The UK welcomed more migrants by the end of June 2023, according to the Office for National Statistics (ONS) data released on 23 November 2023.
As of June 2023, 1,180,000 individuals arrived in the UK and anticipated staying for at least a year, while only 508,000 departed the country.
It means net migration, or the difference between the number of people arriving and leaving the country, is at 672,000.
While the number of migrants still increased from the previous year in June 2022, which stood at 607,000, it appears to be slowing down.
“The latest numbers are higher than 12 months ago but are down slightly on our updated figures for (the) year ending December 2022. It is too early to say if this is the start of a new downward trend,” according to a press release by ONS.
In December 2022, the UK hit a record high in net migration at 745,000.
More non-EU students, workers, and their dependents
The ONS statement explained that migration patterns and behaviors had shifted considerably since the pandemic.
The majority of individuals entering the UK now come from nations outside the European Union (EU).
Of the 968,000 migrants from non-EU countries, individuals from India, Nigeria, and China topped the list.
While many come to the UK to study, accounting for 39 percent, work in the health and social care sector comes in at a close second at 33 percent.
People arriving via humanitarian routes, such as special cases in Ukraine and Hong Kong, which drove the previous year’s numbers up, were down from 19 to 9 percent this year.
Students staying longer and securing work visas, particularly graduate visas, also contributed to the increase in net migration numbers.
A graduate visa allows students who have already completed their degree to stay and work in the UK for two or three years.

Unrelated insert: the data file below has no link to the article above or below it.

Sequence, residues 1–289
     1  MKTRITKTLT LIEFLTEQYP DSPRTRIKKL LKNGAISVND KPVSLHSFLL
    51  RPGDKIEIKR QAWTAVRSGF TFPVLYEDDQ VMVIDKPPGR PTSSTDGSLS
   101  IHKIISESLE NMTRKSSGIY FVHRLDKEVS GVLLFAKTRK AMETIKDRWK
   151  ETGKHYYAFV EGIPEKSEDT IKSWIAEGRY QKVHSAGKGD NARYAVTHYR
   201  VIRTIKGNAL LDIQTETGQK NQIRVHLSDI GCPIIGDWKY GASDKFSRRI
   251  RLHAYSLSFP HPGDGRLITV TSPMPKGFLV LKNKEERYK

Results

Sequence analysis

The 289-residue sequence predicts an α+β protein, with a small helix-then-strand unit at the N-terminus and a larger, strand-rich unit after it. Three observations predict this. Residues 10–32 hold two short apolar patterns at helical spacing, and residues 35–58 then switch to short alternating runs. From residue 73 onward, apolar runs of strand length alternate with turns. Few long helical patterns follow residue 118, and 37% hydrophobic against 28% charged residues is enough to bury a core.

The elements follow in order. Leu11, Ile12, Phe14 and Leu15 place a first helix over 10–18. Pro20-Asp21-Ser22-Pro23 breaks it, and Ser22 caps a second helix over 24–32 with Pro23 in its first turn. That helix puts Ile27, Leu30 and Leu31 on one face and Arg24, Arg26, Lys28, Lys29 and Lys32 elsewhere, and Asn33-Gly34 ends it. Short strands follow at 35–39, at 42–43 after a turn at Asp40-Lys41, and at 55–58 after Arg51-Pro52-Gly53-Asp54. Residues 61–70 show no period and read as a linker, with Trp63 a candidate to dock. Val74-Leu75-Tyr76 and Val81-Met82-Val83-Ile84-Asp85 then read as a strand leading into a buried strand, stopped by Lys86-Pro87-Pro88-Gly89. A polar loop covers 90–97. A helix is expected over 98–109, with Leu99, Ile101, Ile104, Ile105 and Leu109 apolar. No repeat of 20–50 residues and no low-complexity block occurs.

Students on postgraduate courses could also apply for visas for qualifying dependants: a husband, wife, civil or unmarried partner, and children under 18.
The 2022 numbers also saw more visas for dependants of health and social care workers coming to the country to work.
Curbing the steep rise of immigration
UK Home Office Secretary James Cleverly said the government remains “completely committed to reducing levels of legal migration.”
“We are working across government on further measures to prevent exploitation and manipulation of our visa system, including clamping down on those that take advantage of the flexibility of the immigration system,” he said in a statement.
In 2024, the UK government will only allow international students on postgraduate courses designated as research programs to bring dependents. The new policy was announced in May 2023.
Foreign health and social care workers may soon be only allowed to bring one dependent or none at all. There are also plans to raise the minimum salary requirement for foreign skilled worker visas.
UK Immigration going digital by default
The UK is working to transform its immigration system to digital by default by 2025, helping keep migration numbers down and deterring people from staying in the country illegally.
The one digital immigration platform will provide comprehensive solutions to individuals coming to the country and business and education institutions.
The UK Visas and Immigration, a division of the UK Home Office, is currently transitioning all physical immigration documents, such as biometric residence cards and passport stamps and stickers, to digital immigration statuses or electronic visas (eVisas).
From 1 January 2025, The UKVI will only issue eVisas to migrants.
The new immigration plan is one of the essential aspects of the Nationality and Borders Act 2022, along with the introduction of the new electronic travel authorization (ETA) for visa-exempt foreign nationals traveling to the UK.
The ETA implementation is already underway and will be operational for all travelers who do not currently need a visa for short stays and transit through the UK in 2024.